Christopher PRENDERGAST

On "Culture, Politics & Comparative Philology in the Nineteenth Century," this year's Lecture for the Graduate Center for Literary Research on Oct. 20, 5:00pm (Mosher Alumni House). Check the two main events.

The GCLR's Distinguished Visiting Professor, Christopher Prendergast, will be at UCSB the third week of October. Professor Prendergast's visit will center around two key events:

Wednesday, October 19th, 4:00-6:00pm: a graduate student seminar in the GCLR (Phelps 6206-C) titled "History and Periodisation: The Invention of the Century" on Part One of Fredric Jameson's A Singular Modernity.
Thursday, October 20th, 5:00-6:00pm: a public lecture in the Mosher Alumni House, "Culture, Politics & Comparative Philology in the Nineteenth Century: A French Riposte" (flyer attached, reception to follow).

Christopher Prendergast is Emeritus Professor at the University of Cambridge and a Fellow of King's College. He was formerly Distinguished Professor in French and Comparative Literature at the Graduate Center, City University of New York. He is a member of the British Academy, the Academia Europea and the American Academy of Arts and Sciences. He specializes in French literature and cultural history, principally of the 19th and 20th centuries. His publications include Signs of the Times: Introductory Readings in Semiotics (co-editor with Stephen Heath and Colin McCabe) 1971; Balzac: Fiction and Melodrama, 1978; The Order of Mimesis, 1986; Paris-Spectacle: Images de Paris dans la peinture au Musée d'Orsay,1987; Nineteenth-Century French Poetry. Introductions to Close Reading (editor and contributor), 1990; Writing the City. Paris and the Nineteenth Century, 1992; An Anthology of World Literature (Co-editor), 1994; Cultural Materialism. Essays on Raymond Williams (editor and contributor), 1995; The Spectacles of Realism: Gender, Body, Genre (co-editor and contributor), 1995; Napoleon and History Painting, 1997; The Triangle of Representation, 2000; Debating World Literature (editor and contributor), 2004; For the People, By the People? Eugene Sue's 'Les Mystères de Paris', 2004; The Classic: Sainte-Beuve and the Nineteenth-Century Culture Wars, 2007; The Fourteenth of July, 2008. He is the general editor of the Penguin translation of Proust's A la recherche du temps perdu, and is currently writing a book on Proust and Scepticism. He also holds the title of Honorary Professor at the University of Copenhagen.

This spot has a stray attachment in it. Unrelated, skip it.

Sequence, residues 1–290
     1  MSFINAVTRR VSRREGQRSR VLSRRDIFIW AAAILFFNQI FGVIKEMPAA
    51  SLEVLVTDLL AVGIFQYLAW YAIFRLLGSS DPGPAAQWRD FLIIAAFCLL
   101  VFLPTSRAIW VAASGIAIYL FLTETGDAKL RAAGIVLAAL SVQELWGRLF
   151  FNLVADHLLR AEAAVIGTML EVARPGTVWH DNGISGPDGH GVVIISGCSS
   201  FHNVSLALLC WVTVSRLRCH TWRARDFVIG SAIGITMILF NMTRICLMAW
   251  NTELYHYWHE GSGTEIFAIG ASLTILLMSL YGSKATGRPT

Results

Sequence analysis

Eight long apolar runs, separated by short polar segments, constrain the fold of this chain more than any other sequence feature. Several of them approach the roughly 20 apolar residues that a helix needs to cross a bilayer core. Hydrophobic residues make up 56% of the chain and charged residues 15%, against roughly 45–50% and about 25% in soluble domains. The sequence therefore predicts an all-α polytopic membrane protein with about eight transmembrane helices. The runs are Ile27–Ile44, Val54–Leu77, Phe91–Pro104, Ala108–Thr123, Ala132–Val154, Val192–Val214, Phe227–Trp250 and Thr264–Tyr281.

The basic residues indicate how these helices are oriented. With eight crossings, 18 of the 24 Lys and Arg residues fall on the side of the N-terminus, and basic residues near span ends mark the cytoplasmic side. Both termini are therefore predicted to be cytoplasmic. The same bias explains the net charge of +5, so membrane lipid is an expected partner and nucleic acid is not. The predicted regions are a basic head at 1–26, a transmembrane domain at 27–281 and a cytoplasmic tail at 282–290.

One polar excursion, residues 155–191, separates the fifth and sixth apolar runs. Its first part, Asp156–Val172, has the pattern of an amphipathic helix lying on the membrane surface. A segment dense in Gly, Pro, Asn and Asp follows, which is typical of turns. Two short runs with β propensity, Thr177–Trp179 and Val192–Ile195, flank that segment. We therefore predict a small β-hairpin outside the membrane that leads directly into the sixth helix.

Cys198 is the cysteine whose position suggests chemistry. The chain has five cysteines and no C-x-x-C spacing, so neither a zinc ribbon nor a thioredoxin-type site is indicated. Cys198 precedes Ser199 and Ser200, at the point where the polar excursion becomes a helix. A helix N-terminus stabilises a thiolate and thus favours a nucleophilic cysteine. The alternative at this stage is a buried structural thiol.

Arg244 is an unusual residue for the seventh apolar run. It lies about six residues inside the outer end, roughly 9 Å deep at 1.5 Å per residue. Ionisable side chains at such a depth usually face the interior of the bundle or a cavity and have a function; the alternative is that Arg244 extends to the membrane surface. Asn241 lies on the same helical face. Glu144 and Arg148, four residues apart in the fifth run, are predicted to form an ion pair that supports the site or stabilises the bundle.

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Tuesday, October 18, 2016 - 19:04